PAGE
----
Everything we know about hubris we learned from Chinua Achebe. We read Things Fall Apart for the first time in eighth grade. Our teachers used the term ‘tragic pride’ so much that our friends dropped it into daily conversations like it was going out of style.

‘How tragic’ has always been a catchphrase, we know, but ours went something more like: “Dude, I just pulled another Okonkwo.”

So perhaps it’s only fitting that, last Wednesday afternoon, as we began to experience an unusual sense of boredom and apathy, we found ourselves–to our mild surprise–in an audience with the man–Achebe himself.

Earlier that day, which Achebe spent touring Princeton, a roommate came into one of our rooms and said,

“Yo, we’re going to see this Achebe guy speak after dinner, you wanna come?”

“Definitely” Kevin said, with relief, because not only did we then have something to do for the night, but, what was more, it was clearly a brochure-worthy way to pass the time: we were going to hear the most important African–some might say living–writer, Chinua Achebe speak. About something.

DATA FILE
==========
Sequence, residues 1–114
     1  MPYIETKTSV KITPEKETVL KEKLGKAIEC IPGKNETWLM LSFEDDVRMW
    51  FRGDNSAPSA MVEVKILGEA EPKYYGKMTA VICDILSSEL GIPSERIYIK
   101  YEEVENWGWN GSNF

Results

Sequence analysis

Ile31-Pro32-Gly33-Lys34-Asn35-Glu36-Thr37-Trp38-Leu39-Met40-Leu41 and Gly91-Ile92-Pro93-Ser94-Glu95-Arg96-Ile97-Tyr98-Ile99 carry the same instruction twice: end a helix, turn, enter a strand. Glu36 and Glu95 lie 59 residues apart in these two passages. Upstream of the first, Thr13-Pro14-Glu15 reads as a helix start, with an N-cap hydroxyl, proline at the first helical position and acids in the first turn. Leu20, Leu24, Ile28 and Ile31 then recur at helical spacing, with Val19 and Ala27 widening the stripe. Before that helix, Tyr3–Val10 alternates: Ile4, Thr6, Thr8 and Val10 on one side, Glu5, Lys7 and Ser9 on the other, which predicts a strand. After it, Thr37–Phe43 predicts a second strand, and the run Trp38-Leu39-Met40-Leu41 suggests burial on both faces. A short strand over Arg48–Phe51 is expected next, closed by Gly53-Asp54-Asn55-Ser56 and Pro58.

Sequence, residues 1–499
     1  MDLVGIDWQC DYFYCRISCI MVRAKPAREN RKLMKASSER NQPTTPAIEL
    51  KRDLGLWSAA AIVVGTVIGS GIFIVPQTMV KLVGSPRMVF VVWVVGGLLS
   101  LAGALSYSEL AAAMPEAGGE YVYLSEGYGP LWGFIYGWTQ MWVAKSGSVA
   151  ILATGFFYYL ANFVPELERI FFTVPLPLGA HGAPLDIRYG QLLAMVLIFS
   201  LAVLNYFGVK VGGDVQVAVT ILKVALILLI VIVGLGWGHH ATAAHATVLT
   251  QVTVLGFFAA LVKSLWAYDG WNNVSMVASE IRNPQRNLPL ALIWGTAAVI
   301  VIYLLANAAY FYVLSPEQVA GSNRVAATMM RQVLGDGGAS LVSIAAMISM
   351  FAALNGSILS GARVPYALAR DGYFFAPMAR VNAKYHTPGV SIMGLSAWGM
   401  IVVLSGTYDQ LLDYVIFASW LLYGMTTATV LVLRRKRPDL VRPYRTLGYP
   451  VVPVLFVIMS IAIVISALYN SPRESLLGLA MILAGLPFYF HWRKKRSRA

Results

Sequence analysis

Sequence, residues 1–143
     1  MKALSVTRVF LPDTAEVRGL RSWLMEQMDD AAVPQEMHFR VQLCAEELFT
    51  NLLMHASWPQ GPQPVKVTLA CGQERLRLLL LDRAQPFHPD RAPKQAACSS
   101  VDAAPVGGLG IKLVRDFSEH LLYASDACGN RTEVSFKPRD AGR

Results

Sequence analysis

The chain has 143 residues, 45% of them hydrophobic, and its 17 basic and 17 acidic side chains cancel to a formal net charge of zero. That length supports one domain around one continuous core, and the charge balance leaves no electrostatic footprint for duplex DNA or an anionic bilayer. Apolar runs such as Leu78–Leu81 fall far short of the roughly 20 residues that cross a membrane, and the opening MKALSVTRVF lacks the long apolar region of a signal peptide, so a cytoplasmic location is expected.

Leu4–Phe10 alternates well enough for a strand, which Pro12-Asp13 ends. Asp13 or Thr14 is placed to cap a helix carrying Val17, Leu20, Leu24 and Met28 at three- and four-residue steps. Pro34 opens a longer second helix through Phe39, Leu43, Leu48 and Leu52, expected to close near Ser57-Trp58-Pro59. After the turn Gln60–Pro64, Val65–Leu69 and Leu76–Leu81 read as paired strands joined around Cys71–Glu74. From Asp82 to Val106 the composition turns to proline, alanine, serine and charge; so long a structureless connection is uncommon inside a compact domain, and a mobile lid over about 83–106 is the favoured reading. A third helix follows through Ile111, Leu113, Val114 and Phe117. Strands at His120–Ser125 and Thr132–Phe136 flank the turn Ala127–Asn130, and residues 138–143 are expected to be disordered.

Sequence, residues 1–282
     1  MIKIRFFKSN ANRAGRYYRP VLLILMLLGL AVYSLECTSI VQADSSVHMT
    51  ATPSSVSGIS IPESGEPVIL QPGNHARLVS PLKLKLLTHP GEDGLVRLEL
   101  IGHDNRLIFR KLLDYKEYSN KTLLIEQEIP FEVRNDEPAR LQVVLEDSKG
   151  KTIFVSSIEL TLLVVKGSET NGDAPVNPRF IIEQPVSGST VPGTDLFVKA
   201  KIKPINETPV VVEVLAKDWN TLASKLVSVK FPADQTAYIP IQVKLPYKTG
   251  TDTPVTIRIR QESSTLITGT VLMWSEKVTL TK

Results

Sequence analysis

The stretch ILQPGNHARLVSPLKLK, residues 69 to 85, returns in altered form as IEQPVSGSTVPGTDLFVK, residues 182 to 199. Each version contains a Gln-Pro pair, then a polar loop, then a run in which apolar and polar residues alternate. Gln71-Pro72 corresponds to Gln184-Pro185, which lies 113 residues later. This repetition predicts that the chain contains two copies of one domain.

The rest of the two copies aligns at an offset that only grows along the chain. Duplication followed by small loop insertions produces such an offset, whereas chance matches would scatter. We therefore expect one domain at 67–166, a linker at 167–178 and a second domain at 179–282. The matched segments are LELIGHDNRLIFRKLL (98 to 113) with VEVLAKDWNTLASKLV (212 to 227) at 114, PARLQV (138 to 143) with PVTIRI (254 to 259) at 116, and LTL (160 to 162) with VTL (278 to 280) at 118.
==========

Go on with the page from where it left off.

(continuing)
We brought our trusty notebooks in tow, and we were sincere.

Things Fall Apart, set in a Nigerian Igbo village, chronicles the daily triumphs and downfalls of Okonkwo, a strong man, as he attempts to hold his own, as well as his family members’, lives together. But let’s start at the beginning – a nice place to start, if we do say so ourselves.

We got there late. We ran into some friends at dinner–you know how things are–-and ended up talking about something funny–what other friends did when he was recently drunk, I think.